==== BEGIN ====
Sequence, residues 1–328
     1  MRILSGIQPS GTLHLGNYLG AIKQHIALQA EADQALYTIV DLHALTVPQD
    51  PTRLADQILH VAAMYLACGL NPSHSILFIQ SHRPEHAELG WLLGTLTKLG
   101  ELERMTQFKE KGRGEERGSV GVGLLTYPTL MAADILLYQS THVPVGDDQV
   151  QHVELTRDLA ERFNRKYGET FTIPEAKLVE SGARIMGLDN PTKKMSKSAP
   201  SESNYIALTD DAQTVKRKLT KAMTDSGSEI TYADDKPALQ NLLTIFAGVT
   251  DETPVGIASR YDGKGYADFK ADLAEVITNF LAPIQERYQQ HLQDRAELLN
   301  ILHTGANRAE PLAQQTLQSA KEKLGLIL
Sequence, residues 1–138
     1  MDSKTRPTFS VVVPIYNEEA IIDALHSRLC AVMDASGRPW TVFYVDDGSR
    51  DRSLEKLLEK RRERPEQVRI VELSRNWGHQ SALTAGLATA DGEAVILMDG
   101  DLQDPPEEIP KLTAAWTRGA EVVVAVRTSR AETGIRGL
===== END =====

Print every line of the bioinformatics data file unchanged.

Sequence, residues 1–328
     1  MRILSGIQPS GTLHLGNYLG AIKQHIALQA EADQALYTIV DLHALTVPQD
    51  PTRLADQILH VAAMYLACGL NPSHSILFIQ SHRPEHAELG WLLGTLTKLG
   101  ELERMTQFKE KGRGEERGSV GVGLLTYPTL MAADILLYQS THVPVGDDQV
   151  QHVELTRDLA ERFNRKYGET FTIPEAKLVE SGARIMGLDN PTKKMSKSAP
   201  SESNYIALTD DAQTVKRKLT KAMTDSGSEI TYADDKPALQ NLLTIFAGVT
   251  DETPVGIASR YDGKGYADFK ADLAEVITNF LAPIQERYQQ HLQDRAELLN
   301  ILHTGANRAE PLAQQTLQSA KEKLGLIL
Sequence, residues 1–138
     1  MDSKTRPTFS VVVPIYNEEA IIDALHSRLC AVMDASGRPW TVFYVDDGSR
    51  DRSLEKLLEK RRERPEQVRI VELSRNWGHQ SALTAGLATA DGEAVILMDG
   101  DLQDPPEEIP KLTAAWTRGA EVVVAVRTSR AETGIRGL